Senate Majority Leader Harry Reid should do the job he was elected to do and quit lecturing Republicans, says former Florida GOP Rep. Joe Scarborough.
"Harry Reid should really be quiet and go back and do the job that he was hired to do, and, at least, pass one appropriation bill. And then come out lecturing us," Scarborough, the host of MSNBC's "Morning Joe," said on his program Tuesday.
"I hear Harry Reid lecturing [House Speaker] John Boehner every day about getting things done. And Harry Reid's Senate that Harry Reid runs, first of all, went four or five years without passing a budget. And this year, with a Democratic president and Democratic chairman and chairwomen, has passed a grand total of zero appropriation bills," Scarborough said.
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In an interview with Esquire magazine
on Monday, Reid called the Republican strategy of tying efforts to kill Obamacare to a stopgap spending bill to keep government running "insanity." The Democratic leader also told USA Today Monday
that "never in the history of this country has there been a time when members of Congress say, 'Do what I want or I'm not going to fund the government.'"
Scarborough, who served in Congress from 1995 to 2001, took issue with what he called the Senate's inability to pass a budget in the past four years. That failure, he said, created the need for stopgap spending measures known as continuing resolutions (CR) to keep the government funded.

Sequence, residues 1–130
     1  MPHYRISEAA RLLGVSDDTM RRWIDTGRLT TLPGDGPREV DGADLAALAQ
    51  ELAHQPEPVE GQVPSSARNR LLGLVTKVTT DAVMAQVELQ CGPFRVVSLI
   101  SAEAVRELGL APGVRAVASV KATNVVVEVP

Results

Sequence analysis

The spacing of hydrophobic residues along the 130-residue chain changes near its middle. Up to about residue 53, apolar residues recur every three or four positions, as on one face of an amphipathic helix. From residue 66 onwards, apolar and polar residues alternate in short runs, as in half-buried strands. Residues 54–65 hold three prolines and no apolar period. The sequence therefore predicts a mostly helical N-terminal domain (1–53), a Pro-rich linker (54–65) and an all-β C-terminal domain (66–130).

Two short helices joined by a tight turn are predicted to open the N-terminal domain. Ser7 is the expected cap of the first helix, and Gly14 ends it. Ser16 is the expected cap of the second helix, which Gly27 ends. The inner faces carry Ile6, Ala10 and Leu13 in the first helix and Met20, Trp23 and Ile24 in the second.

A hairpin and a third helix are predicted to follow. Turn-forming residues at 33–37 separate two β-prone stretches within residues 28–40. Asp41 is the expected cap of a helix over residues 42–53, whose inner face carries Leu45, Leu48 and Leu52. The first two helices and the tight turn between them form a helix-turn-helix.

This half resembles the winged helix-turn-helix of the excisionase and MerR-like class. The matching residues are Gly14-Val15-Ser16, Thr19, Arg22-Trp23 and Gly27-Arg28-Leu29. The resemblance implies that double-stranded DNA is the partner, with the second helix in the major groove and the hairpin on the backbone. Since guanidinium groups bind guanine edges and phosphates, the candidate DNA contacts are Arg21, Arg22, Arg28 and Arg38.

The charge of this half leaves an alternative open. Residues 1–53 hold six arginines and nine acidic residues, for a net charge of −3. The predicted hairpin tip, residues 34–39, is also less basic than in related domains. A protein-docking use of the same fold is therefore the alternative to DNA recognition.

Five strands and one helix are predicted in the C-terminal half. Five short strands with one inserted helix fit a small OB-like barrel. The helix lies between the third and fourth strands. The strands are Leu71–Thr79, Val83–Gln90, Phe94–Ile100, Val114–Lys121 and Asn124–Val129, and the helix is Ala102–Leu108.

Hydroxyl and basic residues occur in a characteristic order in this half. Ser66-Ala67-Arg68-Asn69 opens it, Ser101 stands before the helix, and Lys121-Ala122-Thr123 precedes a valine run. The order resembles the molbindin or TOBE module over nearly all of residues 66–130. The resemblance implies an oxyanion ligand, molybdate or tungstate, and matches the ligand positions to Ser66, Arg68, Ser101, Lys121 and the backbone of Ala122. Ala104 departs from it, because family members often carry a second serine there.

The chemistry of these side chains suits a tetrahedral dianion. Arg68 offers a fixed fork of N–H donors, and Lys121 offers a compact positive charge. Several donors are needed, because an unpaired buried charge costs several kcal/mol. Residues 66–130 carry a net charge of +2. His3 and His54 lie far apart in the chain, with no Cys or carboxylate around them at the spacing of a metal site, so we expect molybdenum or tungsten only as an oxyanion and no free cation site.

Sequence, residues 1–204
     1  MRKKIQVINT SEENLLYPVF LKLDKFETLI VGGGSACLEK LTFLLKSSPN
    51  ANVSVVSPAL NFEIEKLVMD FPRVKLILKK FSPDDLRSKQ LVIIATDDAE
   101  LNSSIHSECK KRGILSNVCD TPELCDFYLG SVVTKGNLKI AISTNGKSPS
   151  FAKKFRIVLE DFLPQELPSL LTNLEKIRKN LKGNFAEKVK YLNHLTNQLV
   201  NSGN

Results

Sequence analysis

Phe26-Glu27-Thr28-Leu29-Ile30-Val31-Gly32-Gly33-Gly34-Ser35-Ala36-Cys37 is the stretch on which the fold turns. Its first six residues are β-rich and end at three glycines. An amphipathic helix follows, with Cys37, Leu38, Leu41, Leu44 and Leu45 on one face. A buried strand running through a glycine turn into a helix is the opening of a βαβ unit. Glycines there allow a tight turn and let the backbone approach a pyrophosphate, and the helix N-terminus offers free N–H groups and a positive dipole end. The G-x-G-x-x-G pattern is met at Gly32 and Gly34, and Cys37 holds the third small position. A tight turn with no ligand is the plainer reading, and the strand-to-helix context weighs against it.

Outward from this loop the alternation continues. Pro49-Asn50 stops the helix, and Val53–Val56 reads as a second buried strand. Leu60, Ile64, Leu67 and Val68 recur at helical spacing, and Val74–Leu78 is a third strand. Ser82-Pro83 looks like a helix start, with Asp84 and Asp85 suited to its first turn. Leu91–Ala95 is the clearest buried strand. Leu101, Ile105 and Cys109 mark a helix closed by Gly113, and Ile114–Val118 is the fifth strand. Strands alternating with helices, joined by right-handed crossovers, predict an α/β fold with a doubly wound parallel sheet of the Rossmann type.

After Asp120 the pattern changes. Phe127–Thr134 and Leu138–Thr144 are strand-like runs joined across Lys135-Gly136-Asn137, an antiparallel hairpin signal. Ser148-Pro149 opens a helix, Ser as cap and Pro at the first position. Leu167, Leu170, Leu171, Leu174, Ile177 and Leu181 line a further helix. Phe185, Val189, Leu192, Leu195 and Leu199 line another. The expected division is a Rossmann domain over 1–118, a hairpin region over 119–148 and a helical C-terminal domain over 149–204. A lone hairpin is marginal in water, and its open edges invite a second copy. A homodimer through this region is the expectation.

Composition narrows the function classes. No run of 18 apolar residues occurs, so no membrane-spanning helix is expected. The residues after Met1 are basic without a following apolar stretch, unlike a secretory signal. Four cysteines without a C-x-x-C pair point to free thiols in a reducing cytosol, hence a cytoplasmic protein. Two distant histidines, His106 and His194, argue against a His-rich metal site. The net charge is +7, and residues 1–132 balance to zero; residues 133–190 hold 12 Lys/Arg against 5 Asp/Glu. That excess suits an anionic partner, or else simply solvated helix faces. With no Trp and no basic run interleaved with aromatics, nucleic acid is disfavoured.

"They have passed zero appropriations bills. They don't even have to pretend to try to legislate anymore," Scarborough said.
"A CR, though, is a failure in and of itself. That means that you weren't able to get regular order. That means that you couldn't run your institution, the U.S. Senate or the U.S. House, without going through the regular process," he added.
Scarborough maintained that Republicans are not blameless. In fact he has doled out some harsh criticism of Boehner for buckling under pressure from tea party members bent on defunding or repealing Obamacare at any cost. But he said Monday the debate reaches beyond Obamacare to the basic function of elected officials in government.
"My point is not that the Republicans are saints, and I've never said they are," the former congressman turned commentator said. "This has nothing to do with Obamacare. This has to do with passing a budget, passing appropriation bills, and doing what you're elected to do."
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